Historically, “Detroit visual artists have been overlooked and underrated nationally,” says McArthur Binion, 74, who grew up in the city and was among the first African Americans to receive his MFA from the prestigious Cranbrook Academy of Art in the suburb of Bloomfield Hills. “We’re now seeing that start to change. That’s the narrative that we’re focused on supporting.”
In 2019, the Chicago-based painter launched the Modern Ancient Brown Foundation to help young, under-represented artists of colour living and working in his hometown. After decades of working largely under the radar himself, Binion has received a surge of art world attention in recent years, including the prominent placement of his abstract grids painted over collages of personal documents and images in “Viva Arte Viva” at the 2017 Venice Biennale. Now represented by galleries including Lehmann Maupin in New York, Hong Kong, Seoul and London; Richard Gray in Chicago and New York, and Massimo De Carlo in Milan, London, and Hong Kong, Binion is directing his late-in-life success toward an ambitious slate of programmes, all self-funded, to help Detroit-based artists tell their own stories.
A writer before he was a visual artist, Binion has created a writing residency to give artists time and space to explore identity and narrative outside their primary discipline. Starting next summer, through an invitation from Binion, two artists will each receive a $10,000 grant and use of an apartment for up to three months in a renovated church rectory just east of downtown Detroit.
“McArthur always talks about how he found his voice before he found his hand, which gave him a very clear point of view in the way he approaches his work,” says Nia Batts, the executive director of his foundation. The organisation’s office is also housed at the rectory, where a growing collection of works by diverse emerging and established artists is displayed. The foundation has begun commissioning self-portraits, the first by the Ghanaian-born, Detroit-based painter Conrad Egyir, in another initiative to support young artists.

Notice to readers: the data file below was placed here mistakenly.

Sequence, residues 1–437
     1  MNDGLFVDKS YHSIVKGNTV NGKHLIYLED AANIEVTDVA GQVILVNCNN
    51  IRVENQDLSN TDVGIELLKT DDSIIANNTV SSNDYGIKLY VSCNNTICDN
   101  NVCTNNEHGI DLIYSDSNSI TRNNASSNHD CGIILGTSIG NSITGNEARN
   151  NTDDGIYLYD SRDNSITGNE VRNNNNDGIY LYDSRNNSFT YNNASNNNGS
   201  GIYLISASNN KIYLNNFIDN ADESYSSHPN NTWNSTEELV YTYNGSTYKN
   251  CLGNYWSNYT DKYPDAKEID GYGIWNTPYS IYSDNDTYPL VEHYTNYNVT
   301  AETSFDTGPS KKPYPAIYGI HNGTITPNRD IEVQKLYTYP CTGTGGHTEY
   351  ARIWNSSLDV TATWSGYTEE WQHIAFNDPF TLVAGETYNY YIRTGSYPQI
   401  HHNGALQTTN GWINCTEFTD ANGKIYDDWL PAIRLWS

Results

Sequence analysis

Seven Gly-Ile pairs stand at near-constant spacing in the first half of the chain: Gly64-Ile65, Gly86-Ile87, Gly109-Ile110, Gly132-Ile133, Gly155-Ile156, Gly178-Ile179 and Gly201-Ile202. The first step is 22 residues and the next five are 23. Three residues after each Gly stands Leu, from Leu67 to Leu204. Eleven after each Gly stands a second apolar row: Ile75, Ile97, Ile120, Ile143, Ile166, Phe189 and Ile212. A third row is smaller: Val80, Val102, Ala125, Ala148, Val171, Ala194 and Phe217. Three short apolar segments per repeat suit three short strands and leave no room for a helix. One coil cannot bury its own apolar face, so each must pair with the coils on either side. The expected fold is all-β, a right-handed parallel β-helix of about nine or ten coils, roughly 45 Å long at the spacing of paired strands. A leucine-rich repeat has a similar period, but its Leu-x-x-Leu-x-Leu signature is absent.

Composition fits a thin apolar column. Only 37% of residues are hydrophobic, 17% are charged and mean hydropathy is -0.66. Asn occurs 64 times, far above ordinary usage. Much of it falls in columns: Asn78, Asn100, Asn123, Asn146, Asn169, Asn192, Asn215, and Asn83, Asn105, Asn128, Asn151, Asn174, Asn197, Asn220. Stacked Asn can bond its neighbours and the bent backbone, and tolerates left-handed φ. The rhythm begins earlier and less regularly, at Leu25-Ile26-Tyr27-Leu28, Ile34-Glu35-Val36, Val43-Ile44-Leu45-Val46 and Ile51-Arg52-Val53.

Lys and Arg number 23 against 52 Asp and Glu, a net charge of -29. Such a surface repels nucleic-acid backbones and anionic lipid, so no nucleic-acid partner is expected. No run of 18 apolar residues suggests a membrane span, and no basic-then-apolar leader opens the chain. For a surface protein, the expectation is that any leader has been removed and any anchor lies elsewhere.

After having to postpone the writing residency in 2020 because of the pandemic, the foundation quickly pivoted by starting its Pay-It-Forward Campaign. In September, it awarded five local artists unrestricted grants of $1,500 and each the ability to select another artist in the Detroit community to receive an additional $1,500.
The portrait painter Gisela McDaniel—among the inaugural grantees, which also included Bakpak Durden, Ahya Simone, Sydney James and Tiff Massey—said the award came as an unexpected gift at a time when so many artists have lost income. She tapped Tony Rave to receive one of the second round of Pay-It-Forward grants this month, which went to Kesswa, Laura D. Gibson, Cyrah Dardas and Ijania Cortez as well. “Especially in the art world right now, there're a lot of conversations about institutions not being inclusive enough and it's nice to have that power handed over to the artist,” McDaniel says.
Next month, undergraduates at local universities can apply for a painting seminar with Binion that will start in the spring. Five selected students will have the opportunity to bring their work to Binion's new studio, now under construction in Southwest Detroit, and participate in a graduate school-style critical process. For Binion, who taught at Columbia College in Chicago from 1993 to 2015, it is a way to reconnect with teaching.
“McArthur's had such significant success over the past few years,” Batts says, “and I think the foundation and the programming and his ability to participate directly in this is a celebration for him of the journey.”